In the recent exchange that I posted on the blog (dealing with the existence of Q) the document known as the Didache was mentioned – especially by guest contributor Alan Garrow, who thinks that the Didache was a source used by the authors of Matthew and Luke. I think even Alan will agree that this is a highly anomalous view; I don’t know of any other scholar who accepts it (though if Alan knows of any who do, I’m sure he can tell us in a comment). The Didache is almost always assumed to have quoted the Gospels – or at least the traditions found in the Gospels – not vice versa.
But what is the Didache (pronounced DID-ah-kay)? Ah, that’s the prior question. And I realized this morning that I haven’t talked about it much on the blog. I better do so!
The Didache – What Is It and What Does it Mean?
I published a translation of the Didache (the title means “Teaching”) in my two-volume edition of the Apostolic Fathers in 2003, in the Loeb Classical Library (Harvard University Press). In that edition I talk about what the book is, whether it is one book or several documents that have been cut and pasted together, when it was written, and so on. That may be useful information for the blog, and so I will give it over the course of two or three posts.
I have edited my Introduction slightly to make it a bit more user friendly (it was written for scholars and advanced students). Here is the opening of the Introduction, where I explain briefly something about its discovery and contents.
When Was the Didache Written?
Few manuscript discoveries of modern times have created the stir caused by the discovery and publication of the Didache in the late nineteenth century. Found by Philotheos Bryennios in 1873 in the Library of the Holy Sepulchre in Constantinople and published by him ten years later, the Didache was immediately seen to be one of most important literary remains of early Christianity outside of the New Testament.
For here was not only an early presentation of the ethical teachings known as the “two paths” (or the “two ways”), familiar already from the Epistle of Barnabas and later texts (see below), but also the earliest surviving descriptive account of the Christian rituals of baptism and eucharist, along with instructions involving itinerant Christian apostles and prophets in an age before the church hierarchy of bishop, presbyters, and deacons was firmly in place.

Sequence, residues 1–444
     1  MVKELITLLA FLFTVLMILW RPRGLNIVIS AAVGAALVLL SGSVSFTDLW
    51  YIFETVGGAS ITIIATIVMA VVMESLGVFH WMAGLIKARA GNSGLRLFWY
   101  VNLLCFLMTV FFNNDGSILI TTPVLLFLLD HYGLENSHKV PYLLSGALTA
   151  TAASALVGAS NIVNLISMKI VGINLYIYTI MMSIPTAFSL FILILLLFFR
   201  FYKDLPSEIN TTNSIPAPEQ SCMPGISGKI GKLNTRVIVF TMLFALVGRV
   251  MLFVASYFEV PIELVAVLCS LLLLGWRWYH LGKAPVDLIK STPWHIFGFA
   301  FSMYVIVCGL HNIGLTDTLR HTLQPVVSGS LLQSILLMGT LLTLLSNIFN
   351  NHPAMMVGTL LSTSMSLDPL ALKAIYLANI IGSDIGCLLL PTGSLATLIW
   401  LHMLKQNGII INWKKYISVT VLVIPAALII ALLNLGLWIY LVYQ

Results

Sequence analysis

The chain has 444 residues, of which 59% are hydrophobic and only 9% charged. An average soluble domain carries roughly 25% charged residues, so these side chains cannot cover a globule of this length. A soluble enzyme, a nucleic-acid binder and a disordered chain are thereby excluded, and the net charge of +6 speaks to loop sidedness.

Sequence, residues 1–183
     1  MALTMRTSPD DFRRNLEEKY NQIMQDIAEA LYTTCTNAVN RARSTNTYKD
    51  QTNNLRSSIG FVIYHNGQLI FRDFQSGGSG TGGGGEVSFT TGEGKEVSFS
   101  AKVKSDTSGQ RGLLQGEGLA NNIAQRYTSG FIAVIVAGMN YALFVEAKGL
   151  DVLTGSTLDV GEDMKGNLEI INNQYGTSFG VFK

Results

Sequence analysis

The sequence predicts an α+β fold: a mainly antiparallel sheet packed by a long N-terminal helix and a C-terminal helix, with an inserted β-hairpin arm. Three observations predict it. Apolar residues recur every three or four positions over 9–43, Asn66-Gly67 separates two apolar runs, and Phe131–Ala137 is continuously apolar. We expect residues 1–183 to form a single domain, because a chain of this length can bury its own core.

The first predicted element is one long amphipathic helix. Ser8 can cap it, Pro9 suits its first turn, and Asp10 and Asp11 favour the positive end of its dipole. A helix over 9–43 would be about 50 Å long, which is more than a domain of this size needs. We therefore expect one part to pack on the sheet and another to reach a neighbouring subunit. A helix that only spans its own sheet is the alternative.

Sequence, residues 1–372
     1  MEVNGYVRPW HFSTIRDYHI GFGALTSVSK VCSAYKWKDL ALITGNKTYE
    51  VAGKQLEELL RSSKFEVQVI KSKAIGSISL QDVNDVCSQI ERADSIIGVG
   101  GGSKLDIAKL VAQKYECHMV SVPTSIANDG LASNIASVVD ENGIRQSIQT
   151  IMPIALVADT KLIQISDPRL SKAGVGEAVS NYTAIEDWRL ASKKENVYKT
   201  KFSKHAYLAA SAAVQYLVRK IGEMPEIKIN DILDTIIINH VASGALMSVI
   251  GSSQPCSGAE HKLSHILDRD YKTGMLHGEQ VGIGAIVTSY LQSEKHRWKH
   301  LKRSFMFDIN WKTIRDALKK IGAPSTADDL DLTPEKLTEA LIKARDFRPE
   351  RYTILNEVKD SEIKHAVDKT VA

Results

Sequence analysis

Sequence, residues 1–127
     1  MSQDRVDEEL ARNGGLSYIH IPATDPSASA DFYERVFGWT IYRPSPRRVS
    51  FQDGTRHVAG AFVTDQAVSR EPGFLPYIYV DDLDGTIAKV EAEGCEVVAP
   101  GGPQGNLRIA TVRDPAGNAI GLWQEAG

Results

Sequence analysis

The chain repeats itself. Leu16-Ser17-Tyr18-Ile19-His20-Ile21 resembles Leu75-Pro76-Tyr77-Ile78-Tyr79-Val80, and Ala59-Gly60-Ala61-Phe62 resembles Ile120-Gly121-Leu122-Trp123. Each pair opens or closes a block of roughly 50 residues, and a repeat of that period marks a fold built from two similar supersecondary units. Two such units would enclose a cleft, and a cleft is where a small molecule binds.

Some scholars immediately recognized the antiquity of the account, dating it to the beginning of the second century or the end of the first, before even some of the books of the New Testament were written. Almost everyone realized that here at last was a book that had achieved near-canonical status in some early Christian circles, known by title from discussions of the church Fathers but for the most part lost to history sometime after the fourth century.
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The Didache is given two titles in the only complete manuscript: “The Teaching (Greek: DIDACHE) of the Twelve Apostles,” and, immediately following, “The Teaching of the Lord Through the Twelve Apostles to the Gentiles.” Neither title claims that the book was actually written by the apostles, simply that it conveys their teachings; it is, therefore, anonymous rather than pseudonymous. The book as a whole is usually considered a “church manual” or a “church order,” the first of its kind to survive.
The Didache begins with a set of ethical instructions known as the “two paths, one of life and one of death” (1.1). The path that leads to life involves following the commandments of God, principally the commandment to love God and one’s neighbor, and to adhere to the “Golden Rule” (1.2). The first four chapters of the book explicate these commandments, first in words that reflect the teachings of Jesus (without naming him), especially as found in the Sermon on the Mount (ch. 1), then in a series of positive and negative ethical injunctions (chs. 2-4). The path that leads to death involves contrary sorts of behavior, as delineated in chapter 5.
After a transitional chapter, the author shifts to discuss church ritual, explaining how to baptize (ch. 7), fast (8.1), pray (8.2), and celebrate the communal thanksgiving meal or eucharist (chs. 9-10; giving the appropriate eucharistic prayers).
Attention then shifts in chapter 11 to the question of how to deal with itinerant Christian teachers, apostles, and, especially, prophets, indicating their special status before God but warning of possible abuses. Following then some further instructions for communal worship (ch. 14) and life (ch. 15), including the need to “elect … bishops and deacons,” the discussion moves to a concluding apocalyptic scenario, which indicates what will happen in the final days when havoc breaks out on earth before the final coming of the Lord “on the clouds of the sky.” The text breaks off abruptly at this point. Possibly its original ending was lost.
In my next post I will discuss the book’s “integrity” – a term that, for scholars, does not refer to its “honesty” but to its compositional history, that is, whether it was a single book written by a single author or if it represents several writings cut and pasted together. If it is a cut-and-paste job, when was that job completed? And when were the writings that were cut and pasted together themselves written? Intriguing questions for the literary historian of early Christianity!